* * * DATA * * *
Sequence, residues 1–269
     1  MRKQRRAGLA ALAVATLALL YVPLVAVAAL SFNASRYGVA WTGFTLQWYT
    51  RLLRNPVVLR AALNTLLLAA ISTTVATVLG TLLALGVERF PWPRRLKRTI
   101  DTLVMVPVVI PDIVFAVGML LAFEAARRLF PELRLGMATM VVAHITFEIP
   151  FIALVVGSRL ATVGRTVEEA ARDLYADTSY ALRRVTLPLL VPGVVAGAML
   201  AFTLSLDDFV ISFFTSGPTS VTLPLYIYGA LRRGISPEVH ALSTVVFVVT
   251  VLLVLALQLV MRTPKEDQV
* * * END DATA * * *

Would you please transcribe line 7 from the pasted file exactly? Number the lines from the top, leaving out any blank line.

   251  VLLVLALQLV MRTPKEDQV